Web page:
30 – Alliances

Grade: C+

Alliances (1996) on IMDb


Voyager is in the middle of a battle with two Kazon ships. They somehow manage to destroy one of the raiders, and the other one leaves quickly. The damage to Voyager is extensive, and three crew members die, including a former Maquis officer who had saved Torres’ life in a previous battle. Chakotay speaks with Janeway about the possibility of creating an alliance so they can continue their journey home in peace.


This episode really should put to rest any questions we might have about how Janeway feels about the Maquis officers on her ship. When Chakotay tells her that one of the officers has died, she says “I’m sorry” with very little emotion or feeling. It’s as if he had told her he found a hole in his sock. Then she asks him to speak at the memorial service, and she says absolutely nothing at all. She doesn’t even seem saddened by his death, and seems annoyed about having to be there. Like it or not, the Maquis are part of her ship now, so he was one of her crew as well. She’s the one who keeps insisting this is a Starfleet ship and that they will use Federation rules. And yet when one Maquis crewmember dies, she is cold and uncaring. If she wants a unified crew, she’s going to need to show that she cares about these Maquis just as much as she cares about her Starfleet officers. I can’t imagine any other Star Trek captain acting this way when one of their officers had died. Kirk? No way. Picard? Nope. Sisko? Absolutely not. Archer? Hardly. He would have been visibly angry at the Kazon, and he probably would have wanted revenge. Sometimes I miss Jonathan Archer.

Right after the memorial service, a former Maquis officer talks to Janeway about this situation and brings up the same concerns that Chakotay mentioned. She becomes angry and defensive and tells him that she would rather destroy the ship than share technology in an effort to try to get home sooner. Really? She’s forgotten already about the Caretaker’s array, obviously. She broke it then to save a bunch of aliens that we’ll never see again instead of using the array to get back home. She’s broken the Prime Directive several times already in this series. I would have reacted the same way as this officer did – shocked and speechless. I agree, who cares if the Kazon have transporters? Everyone in the Alpha Quadrant has them. What difference does it make?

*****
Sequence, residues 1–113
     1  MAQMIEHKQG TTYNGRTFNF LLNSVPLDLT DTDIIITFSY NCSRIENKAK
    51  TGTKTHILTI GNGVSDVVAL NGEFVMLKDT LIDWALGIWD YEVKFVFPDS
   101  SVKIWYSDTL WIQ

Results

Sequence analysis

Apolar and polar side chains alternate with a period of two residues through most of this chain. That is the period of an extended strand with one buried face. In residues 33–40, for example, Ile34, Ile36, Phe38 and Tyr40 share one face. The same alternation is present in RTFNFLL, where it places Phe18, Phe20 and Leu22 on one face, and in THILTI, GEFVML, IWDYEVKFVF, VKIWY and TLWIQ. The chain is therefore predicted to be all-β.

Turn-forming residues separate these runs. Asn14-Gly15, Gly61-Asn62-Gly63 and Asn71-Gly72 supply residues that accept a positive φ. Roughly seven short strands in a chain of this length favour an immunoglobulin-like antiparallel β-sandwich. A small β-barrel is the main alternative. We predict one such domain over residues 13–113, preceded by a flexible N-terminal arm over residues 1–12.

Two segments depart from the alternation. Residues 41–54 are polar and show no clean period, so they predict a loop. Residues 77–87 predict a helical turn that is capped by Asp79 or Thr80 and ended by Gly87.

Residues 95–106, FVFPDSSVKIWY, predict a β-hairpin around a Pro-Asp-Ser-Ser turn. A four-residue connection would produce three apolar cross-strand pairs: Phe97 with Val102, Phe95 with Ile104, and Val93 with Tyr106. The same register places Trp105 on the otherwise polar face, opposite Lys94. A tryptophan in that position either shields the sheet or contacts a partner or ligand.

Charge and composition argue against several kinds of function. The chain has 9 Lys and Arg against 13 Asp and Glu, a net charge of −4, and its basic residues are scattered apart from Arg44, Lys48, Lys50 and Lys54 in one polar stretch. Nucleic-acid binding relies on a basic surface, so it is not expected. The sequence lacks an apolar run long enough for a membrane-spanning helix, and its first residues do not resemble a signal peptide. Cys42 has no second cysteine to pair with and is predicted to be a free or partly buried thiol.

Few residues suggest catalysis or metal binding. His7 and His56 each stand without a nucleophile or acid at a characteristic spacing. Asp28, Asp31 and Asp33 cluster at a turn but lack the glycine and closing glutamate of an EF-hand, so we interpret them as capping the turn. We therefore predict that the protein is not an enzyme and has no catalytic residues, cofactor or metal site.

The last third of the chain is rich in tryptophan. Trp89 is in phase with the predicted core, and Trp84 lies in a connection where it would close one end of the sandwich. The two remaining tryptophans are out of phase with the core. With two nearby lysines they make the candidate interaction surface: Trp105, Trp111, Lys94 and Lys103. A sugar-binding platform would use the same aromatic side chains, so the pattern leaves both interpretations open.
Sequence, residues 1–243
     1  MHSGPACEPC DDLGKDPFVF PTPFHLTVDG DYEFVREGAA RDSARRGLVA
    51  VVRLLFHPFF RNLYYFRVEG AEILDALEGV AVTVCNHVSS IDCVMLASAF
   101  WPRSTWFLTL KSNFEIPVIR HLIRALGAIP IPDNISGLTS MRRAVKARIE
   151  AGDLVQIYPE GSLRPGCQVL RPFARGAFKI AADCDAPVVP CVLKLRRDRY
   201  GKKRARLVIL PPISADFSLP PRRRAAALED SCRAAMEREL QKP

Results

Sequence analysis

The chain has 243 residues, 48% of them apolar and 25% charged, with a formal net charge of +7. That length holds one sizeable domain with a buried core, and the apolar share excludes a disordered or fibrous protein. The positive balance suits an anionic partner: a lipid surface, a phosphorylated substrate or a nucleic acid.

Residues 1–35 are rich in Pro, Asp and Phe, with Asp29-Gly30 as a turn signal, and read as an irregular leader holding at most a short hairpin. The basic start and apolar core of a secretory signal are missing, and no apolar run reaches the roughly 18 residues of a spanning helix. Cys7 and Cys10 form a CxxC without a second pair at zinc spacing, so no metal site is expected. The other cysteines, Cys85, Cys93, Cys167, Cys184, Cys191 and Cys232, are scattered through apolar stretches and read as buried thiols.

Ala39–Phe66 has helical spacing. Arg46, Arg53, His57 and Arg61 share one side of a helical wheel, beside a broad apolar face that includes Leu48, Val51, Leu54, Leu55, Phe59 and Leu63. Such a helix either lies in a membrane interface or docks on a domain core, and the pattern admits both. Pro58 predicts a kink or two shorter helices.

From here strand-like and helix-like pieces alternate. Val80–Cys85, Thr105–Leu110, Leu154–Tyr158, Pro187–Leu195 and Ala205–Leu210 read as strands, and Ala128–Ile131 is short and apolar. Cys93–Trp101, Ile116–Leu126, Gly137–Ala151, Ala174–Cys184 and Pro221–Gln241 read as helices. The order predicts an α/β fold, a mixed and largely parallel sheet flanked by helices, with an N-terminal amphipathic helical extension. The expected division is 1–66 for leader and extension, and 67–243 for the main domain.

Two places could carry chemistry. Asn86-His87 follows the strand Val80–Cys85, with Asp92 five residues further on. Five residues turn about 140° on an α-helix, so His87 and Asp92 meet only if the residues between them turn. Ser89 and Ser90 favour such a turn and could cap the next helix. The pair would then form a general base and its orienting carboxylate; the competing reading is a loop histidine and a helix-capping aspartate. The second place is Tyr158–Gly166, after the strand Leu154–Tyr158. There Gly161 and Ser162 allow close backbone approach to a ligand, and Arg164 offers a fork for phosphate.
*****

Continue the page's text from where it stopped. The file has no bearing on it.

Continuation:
Janeway reminds me of Captain Picard in First Contact – he has an agenda to make sure he hurts the Borg because they hurt him. And his need for revenge has caused him to stop thinking clearly. Janeway has the same tunnel-vision. I agree with Chakotay here – there may be some middle ground there somewhere. Just because they’re going to make getting home their #1 priority doesn’t mean they’re going to stop being Starfleet officers. And in this episode there are only two options that are discussed – either an Alliance with the Kazon, who are their enemies to begin with, or they just continue trying to fight their way out. Isn’t there anything else in between those two extremes?

By the way, I agree that if people set aside their principles during difficult times, then they really don’t have any principles, do they? But I also look at things practically. If they’re constantly being outnumbered, ambushed and attacked by Kazon, they’re going to die anyway. Does it really make sense to die for a transporter in the Delta Quadrant? I can understand not sharing technology with Cardassians, Romulans, the Dominion, etc., but this is 70,000 light years away, and it’s not like giving them a replicator is the same as giving them a photon torpedo.

Janeway’s actions in this episode also show a lack of trust in her First Officer. Once Chakotay makes his point about perhaps bending the ridiculous Prime Directive to help get them home sooner, she basically shoots him down and all his arguments, without even giving them a second thought. You can see a slight look of concern on her face right when the scene in the turbolift ends, and that was a good touch by the director to end the scene there and not earlier. It shows that she really isn’t all that confident in herself or her decisions, and perhaps she is going to consider Chakotay’s opinions. Or maybe she was just hurt that her First Officer isn’t a reflection of herself. It’s hard to tell, really. But whatever it was, there’s some question placed in the viewer’s mind about what she’s going to do and maybe there’s a slight chance she’s actually going to consider listening to Chakotay.